Ghostbusters Director Ivan Reitman Dies Aged 75
Influential filmmaker Ivan Reitman, who directed beloved comedies Animal House and Ghostbusters has died ‘unexpectedly’ at age 75.
His family said Reitman died peacefully in his sleep Saturday night at his Montecito, California home.
‘Our family is grieving the unexpected loss of a husband, father, and grandfather who taught us to always seek the magic in life,’ his children Jason Reitman, Catherine Reitman and Caroline Reitman said in a joint statement.
‘We take comfort that his work as a filmmaker brought laughter and happiness to countless others around the world. While we mourn privately, we hope those who knew him through his films will remember him always.’
It is unclear if Reitman had been suffering any illnesses prior to his death.
Known for big, bawdy comedies that caught the spirit of their time, the director-producer’s most significant success came with his 1984 film Ghostbusters which grossed nearly $300million worldwide.
The supernatural comedy – starring Murray, Dan Aykroyd, Harold Ramis, Ernie Hudson, Sigourney Weaver and Rick Moranis – earned two Oscar nominations and spawned a veritable franchise that included television shows and a new movie, Ghostbusters: Afterlife, which was directed by his son, Jason, and opened last year.
He was also the co-owner of The Montecito Picture Company which is responsible for the production of dozens of films.
The Hollywood Walk of Fame Star holder and Lifetime Achievement Award winner got his big break at age 34 when he produced the raucous, college fraternity sendup National Lampoon’s Animal House.
He then went on to direct many notable films, including hits that starred award-winning actors Arnold Schwarzenegger, who also served as the governor of California, and Bill Murray.
Reitman directed Murray in 1979 in his first starring role in Meatballs and then again in Stripes, a 1981 American war comedy.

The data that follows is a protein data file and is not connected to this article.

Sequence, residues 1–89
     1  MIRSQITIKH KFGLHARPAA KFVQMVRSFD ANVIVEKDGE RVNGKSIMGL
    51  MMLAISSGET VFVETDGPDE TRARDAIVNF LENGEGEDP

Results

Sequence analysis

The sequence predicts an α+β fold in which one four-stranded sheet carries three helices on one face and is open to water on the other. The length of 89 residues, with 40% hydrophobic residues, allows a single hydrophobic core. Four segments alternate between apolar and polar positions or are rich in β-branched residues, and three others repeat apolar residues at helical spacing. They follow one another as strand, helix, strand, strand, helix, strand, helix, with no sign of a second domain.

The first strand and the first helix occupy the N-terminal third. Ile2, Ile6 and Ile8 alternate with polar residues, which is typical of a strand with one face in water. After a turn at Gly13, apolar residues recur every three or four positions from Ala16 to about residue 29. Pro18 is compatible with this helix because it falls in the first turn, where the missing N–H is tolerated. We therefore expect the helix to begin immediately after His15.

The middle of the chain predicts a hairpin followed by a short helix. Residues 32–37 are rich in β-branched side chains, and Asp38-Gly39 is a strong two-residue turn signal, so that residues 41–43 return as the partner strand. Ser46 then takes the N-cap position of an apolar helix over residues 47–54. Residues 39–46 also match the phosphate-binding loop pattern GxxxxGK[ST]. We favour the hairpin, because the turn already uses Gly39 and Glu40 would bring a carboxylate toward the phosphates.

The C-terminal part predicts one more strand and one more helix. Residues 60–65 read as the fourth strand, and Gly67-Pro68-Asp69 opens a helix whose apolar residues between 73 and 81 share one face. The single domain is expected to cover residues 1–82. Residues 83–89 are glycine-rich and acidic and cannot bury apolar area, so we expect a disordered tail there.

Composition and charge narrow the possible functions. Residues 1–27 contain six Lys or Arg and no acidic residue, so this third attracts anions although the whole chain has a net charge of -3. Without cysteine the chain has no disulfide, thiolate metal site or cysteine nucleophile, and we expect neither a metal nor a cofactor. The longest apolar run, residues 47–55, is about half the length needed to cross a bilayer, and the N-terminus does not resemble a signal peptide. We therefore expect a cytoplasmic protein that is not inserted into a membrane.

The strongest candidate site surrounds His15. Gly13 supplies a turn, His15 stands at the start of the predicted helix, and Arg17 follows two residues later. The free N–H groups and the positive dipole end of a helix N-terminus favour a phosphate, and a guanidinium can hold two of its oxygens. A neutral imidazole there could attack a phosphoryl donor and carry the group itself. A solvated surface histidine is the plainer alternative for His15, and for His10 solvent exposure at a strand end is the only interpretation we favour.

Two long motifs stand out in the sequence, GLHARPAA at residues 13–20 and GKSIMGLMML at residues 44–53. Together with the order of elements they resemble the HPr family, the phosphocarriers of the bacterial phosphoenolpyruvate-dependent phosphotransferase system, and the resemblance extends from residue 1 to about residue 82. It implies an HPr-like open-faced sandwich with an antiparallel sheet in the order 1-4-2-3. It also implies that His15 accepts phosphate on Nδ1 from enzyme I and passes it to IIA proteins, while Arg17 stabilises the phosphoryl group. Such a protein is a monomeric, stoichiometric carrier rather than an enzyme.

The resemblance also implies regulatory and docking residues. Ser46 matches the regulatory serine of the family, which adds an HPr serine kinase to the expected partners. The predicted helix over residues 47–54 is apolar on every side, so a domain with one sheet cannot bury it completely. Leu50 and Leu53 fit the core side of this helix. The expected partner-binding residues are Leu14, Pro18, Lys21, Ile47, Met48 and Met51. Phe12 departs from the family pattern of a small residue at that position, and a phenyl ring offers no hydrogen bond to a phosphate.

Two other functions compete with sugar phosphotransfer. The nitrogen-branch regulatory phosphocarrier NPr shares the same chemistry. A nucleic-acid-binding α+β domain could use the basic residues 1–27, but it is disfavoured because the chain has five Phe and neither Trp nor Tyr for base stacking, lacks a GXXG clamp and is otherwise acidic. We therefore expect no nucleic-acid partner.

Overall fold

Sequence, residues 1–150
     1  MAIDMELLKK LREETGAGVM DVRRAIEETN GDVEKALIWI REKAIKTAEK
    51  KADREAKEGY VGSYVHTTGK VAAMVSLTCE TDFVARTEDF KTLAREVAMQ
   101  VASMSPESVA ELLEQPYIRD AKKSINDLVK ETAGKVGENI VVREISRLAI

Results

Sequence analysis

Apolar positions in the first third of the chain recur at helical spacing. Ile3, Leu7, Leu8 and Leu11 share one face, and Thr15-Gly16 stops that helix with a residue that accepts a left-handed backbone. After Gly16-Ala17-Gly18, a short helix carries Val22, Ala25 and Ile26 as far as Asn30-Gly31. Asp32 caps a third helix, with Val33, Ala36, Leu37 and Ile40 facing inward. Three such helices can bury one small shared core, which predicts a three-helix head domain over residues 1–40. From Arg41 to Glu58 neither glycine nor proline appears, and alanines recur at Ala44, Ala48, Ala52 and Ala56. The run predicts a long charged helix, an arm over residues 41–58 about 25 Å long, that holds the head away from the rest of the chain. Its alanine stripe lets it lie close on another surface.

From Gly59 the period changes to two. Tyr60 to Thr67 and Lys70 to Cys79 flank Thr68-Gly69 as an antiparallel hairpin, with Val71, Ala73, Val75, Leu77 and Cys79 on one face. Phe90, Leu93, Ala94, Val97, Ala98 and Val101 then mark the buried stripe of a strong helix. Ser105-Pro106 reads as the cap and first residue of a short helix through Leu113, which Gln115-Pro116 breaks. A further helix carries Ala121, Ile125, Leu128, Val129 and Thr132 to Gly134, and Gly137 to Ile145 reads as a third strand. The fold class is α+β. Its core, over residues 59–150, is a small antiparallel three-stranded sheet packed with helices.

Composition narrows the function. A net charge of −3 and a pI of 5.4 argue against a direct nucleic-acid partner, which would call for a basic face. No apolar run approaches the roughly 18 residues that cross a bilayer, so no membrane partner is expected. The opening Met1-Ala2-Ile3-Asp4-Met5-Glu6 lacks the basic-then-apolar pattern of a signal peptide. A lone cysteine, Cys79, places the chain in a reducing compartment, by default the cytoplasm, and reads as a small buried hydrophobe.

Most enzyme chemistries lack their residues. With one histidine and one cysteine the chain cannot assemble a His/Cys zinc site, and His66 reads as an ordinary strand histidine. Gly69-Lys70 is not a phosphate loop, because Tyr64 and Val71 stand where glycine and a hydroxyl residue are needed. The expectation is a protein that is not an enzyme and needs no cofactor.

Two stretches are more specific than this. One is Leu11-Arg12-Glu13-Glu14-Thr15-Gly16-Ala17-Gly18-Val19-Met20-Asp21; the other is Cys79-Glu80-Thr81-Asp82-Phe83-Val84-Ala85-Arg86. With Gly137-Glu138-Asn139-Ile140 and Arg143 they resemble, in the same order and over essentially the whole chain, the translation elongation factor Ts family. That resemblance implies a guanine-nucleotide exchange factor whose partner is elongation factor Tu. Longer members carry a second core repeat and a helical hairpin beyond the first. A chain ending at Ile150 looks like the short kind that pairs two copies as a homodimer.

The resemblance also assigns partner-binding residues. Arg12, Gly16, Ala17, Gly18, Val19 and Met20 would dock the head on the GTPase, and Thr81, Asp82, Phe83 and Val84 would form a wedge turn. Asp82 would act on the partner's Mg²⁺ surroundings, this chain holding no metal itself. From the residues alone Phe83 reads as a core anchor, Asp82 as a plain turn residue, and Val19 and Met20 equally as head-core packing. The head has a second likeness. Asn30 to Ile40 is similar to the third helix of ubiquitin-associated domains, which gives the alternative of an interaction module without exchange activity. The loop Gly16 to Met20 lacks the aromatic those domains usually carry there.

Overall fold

Among other notable films he directed are Twins, Kindergarten Cop, Dave, Junior and 1998’s Six Days, Seven Nights. He also produced Beethoven, Old School, EuroTrip and many others, including several for his son.
The influential filmmaker’s death was a hard hit to the cinematic community, with many of his fans and former colleagues offering their condolences Sunday night.
Paul Feig, who director of the 2016 Ghostbusters remake said it was a ‘honor working so closely with Ivan’ and ‘such a learning experience.’
He outlined how Reitman was a ‘generous’ and supportive man that has made a lasting impact on his career.
‘I’m in absolute shock. I had the honor of working so closely with Ivan and it was always such a learning experience. He directed some of my favorite comedies of all time. All of us in comedy owe him so very much. Thank you for everything, Ivan. Truly,’ Feig wrote on Twitter.
‘One of the most special moments to me was after our last test screening of Ghostbusters:ATC after we did some reshoots and our scores went through the roof. Ivan met me out in the lobby and said “I’m so happy for you I feel like crying.” That’s the kind of generous man he was.’
He added: ‘Sending so much love to the great @JasonReitman for the loss of his amazing father Ivan. Jason and Ivan have always been so supportive of me throughout my career and I’ll never be able to truly repay them both. This is such a sad day.’